A review of previous studies found that frequent sauna bathing is associated with a number of health advantages, including a reduction in the risk of vascular diseases and neurocognitive diseases, as well as an alleviation of skin diseases, arthritis, and the flu.

For most people, saunas aren’t very common, but in some cultures, they’re a staple. The sauna as we know it today comes from Finland, where there are built-in saunas in almost every house, but many swimming pools and physical recreation centers in the Western World feature saunas — be they dry saunas or wet saunas.

However, while some people swear by the benefits of saunas, the scientific literature hasn’t always been particularly clear about that. Now, a new review analyzing previous studies and trials shed some much-needed light on the potential benefits of saunas — and it’s good news.

“Emerging evidence suggests that beyond its use for pleasure, sauna bathing may be linked to several health benefits,” researchers write in the study. These benefits “include reduction in the risk of vascular diseases such as high blood pressure, cardiovascular disease, and neurocognitive diseases; nonvascular conditions such as pulmonary diseases; mortality; as well as amelioration of conditions such as arthritis, headache, and flu.”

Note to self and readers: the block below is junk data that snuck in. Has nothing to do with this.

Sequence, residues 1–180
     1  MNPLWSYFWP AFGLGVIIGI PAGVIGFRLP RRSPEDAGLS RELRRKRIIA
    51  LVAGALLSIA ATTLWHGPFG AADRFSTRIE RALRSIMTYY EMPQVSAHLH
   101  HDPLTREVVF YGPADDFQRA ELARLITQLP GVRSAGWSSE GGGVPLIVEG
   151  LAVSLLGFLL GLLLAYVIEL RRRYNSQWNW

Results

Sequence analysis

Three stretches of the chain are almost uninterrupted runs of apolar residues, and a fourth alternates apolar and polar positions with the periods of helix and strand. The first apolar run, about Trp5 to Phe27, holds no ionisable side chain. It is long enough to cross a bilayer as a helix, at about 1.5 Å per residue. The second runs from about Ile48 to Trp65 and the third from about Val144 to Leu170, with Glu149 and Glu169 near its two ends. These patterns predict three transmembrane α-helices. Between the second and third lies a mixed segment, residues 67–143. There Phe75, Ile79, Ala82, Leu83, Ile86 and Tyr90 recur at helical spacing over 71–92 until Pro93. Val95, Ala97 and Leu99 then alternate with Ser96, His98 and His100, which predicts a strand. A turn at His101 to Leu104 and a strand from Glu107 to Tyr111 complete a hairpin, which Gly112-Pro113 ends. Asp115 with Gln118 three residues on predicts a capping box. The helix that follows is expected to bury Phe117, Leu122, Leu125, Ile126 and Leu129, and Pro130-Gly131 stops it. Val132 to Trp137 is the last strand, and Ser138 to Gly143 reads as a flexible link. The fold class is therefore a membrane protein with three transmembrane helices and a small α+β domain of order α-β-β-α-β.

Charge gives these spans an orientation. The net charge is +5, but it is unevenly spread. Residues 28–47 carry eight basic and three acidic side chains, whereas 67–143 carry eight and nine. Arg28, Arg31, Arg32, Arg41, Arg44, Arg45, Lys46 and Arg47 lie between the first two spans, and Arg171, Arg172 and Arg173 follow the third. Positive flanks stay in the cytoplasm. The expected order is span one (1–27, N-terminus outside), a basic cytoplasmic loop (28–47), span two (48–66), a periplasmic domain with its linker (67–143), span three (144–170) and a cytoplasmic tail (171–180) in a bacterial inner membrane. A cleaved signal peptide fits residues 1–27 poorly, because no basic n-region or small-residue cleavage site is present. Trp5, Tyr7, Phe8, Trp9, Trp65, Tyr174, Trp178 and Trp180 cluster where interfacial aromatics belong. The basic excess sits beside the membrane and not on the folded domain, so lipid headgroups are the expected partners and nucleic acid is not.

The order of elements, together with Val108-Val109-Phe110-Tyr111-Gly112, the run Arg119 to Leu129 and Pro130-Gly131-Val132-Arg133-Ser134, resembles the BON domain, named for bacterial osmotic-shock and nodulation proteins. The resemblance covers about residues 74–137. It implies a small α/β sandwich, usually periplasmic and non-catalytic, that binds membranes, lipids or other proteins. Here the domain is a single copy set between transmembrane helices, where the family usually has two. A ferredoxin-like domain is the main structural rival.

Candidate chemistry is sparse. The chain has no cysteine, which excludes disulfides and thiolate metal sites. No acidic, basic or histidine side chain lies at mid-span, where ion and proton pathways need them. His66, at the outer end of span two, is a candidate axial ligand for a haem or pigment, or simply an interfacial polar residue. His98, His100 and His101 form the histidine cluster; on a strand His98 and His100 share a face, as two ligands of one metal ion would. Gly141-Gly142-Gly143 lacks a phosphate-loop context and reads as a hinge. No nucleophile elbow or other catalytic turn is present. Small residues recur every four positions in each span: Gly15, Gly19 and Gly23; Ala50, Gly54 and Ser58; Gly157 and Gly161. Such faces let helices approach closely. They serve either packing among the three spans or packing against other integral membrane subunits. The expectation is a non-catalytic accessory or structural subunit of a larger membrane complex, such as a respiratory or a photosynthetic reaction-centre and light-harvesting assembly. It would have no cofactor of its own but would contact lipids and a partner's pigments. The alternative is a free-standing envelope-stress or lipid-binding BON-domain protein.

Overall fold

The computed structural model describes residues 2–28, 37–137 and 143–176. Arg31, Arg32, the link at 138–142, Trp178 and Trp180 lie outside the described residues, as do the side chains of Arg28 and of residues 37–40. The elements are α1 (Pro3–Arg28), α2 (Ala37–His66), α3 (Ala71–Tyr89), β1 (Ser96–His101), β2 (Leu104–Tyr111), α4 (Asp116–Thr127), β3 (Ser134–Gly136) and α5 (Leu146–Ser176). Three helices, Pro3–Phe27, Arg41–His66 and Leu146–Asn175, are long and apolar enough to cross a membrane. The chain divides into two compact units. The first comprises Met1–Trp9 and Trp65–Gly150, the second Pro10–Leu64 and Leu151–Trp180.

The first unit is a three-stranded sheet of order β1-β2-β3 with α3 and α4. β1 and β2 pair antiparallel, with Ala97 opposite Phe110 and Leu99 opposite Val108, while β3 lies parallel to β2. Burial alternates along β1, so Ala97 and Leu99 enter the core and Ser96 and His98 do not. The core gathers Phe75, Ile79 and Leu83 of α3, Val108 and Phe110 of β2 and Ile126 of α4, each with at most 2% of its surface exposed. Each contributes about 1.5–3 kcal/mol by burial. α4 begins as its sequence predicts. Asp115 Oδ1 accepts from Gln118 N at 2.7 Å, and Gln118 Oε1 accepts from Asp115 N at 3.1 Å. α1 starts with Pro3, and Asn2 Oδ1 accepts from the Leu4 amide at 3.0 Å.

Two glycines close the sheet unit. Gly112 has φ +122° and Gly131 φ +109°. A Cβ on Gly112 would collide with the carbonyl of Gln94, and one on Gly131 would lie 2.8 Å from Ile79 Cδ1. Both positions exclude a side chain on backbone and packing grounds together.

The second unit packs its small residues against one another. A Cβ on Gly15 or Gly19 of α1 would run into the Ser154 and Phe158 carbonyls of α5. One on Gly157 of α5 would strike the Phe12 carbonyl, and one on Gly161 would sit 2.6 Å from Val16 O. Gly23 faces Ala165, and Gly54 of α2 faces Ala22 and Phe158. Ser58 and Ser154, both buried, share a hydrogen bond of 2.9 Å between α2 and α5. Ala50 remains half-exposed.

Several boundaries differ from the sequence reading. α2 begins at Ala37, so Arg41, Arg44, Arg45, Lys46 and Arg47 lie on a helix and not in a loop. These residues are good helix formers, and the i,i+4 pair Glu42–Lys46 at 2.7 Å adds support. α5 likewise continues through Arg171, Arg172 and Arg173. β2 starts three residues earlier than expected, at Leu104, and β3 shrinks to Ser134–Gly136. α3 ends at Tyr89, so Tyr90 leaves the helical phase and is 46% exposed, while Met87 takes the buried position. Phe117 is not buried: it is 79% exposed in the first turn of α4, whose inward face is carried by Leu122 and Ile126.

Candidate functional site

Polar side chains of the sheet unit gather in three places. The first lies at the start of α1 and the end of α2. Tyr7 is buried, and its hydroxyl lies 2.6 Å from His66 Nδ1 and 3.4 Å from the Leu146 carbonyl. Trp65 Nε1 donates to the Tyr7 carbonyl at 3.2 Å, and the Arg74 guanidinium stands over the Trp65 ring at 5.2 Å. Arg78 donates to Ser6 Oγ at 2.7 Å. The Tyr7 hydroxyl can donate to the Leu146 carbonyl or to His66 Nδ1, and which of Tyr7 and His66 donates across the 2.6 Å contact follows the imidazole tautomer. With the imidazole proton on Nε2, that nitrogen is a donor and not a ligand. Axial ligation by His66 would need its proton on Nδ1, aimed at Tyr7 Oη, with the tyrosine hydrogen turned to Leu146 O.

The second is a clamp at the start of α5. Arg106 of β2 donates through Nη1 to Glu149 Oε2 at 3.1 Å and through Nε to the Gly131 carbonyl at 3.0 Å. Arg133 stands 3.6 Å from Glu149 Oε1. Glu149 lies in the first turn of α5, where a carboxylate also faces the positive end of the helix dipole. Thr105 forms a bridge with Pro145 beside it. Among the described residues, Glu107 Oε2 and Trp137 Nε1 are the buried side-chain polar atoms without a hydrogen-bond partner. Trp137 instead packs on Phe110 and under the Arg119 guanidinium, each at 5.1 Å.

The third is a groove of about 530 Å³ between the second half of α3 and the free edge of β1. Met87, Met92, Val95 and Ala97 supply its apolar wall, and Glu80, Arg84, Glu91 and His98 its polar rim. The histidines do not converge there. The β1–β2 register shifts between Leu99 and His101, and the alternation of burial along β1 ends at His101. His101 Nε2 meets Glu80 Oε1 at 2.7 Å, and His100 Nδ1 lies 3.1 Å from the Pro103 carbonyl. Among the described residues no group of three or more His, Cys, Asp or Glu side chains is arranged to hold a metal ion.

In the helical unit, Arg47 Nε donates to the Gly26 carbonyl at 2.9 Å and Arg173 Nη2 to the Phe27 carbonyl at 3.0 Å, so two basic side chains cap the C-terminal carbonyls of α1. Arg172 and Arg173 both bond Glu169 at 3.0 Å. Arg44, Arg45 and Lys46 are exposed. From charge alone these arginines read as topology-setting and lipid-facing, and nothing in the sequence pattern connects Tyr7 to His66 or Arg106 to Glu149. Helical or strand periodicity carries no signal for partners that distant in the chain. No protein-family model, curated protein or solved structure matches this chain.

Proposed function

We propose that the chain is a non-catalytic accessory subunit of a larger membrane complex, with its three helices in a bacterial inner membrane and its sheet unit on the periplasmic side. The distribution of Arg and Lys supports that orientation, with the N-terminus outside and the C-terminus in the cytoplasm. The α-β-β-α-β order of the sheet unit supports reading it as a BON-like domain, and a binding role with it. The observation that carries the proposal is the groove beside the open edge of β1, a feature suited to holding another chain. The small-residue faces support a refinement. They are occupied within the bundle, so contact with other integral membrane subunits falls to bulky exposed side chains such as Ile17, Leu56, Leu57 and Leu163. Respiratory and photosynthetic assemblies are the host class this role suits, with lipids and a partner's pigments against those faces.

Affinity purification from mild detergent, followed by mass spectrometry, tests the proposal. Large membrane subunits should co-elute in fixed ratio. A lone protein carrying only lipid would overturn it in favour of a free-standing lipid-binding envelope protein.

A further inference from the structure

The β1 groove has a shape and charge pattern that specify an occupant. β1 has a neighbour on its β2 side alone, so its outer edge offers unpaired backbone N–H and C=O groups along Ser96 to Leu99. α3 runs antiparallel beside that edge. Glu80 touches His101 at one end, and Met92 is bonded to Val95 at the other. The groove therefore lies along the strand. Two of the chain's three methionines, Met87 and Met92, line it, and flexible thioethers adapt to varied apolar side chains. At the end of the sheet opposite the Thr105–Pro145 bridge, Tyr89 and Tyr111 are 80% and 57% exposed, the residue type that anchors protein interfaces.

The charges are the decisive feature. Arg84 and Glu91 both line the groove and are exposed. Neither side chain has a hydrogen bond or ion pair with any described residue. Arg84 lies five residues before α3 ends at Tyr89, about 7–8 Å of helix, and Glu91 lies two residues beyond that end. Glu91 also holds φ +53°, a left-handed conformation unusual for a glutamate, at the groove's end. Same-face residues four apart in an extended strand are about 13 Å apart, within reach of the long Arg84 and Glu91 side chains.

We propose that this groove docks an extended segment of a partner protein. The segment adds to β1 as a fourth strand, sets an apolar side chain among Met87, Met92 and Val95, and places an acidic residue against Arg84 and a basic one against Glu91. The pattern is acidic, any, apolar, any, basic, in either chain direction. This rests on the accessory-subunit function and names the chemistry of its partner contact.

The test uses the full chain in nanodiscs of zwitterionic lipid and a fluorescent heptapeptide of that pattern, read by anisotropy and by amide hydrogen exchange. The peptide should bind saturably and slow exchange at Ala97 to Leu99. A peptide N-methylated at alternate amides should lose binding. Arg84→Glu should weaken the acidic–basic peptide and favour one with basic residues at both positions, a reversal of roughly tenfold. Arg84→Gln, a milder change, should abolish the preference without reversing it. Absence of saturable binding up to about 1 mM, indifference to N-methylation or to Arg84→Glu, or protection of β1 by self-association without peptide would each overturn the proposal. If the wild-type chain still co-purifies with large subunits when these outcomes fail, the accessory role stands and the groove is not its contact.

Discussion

The review was carried out on Finnish sauna studies, which are technically dry, and are characterized by temperatures from 80°C to 100°C. (176°F – 212°F). The relative humidity of Finnish saunas varies from 10% to 20%. The “frequent” sauna goers went to the sauna 2-3 times a week.

Researchers found that the physiological responses produced by an ordinary sauna bath correspond to those produced by moderate- or high-intensity physical activity such as walking. Frequent sauna-goers report feelings of relaxation and promotion of mental health which promote the flow of endorphins. Even short-term sauna seems to have a positive effect on blood pressure, inflammation, arterial health, and cardiovascular function.

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Furthermore, researchers found that some studies indicated that a combination of sauna and physical activity might be better than both activities taken individually.

It’s not exactly clear how saunas help improve health, but researchers have a few good ideas. Although there is there is no significant muscle activity during a sauna session, the heart rate does increase by around 30 bpm, and muscle blood flow does increase, at least to some extent, in response to heat stress. However, this wasn’t the aim of the study, and the exact mechanism involved remains a problem to be solved in further research.

The study has been published in Mayo Clinical Proceedings.

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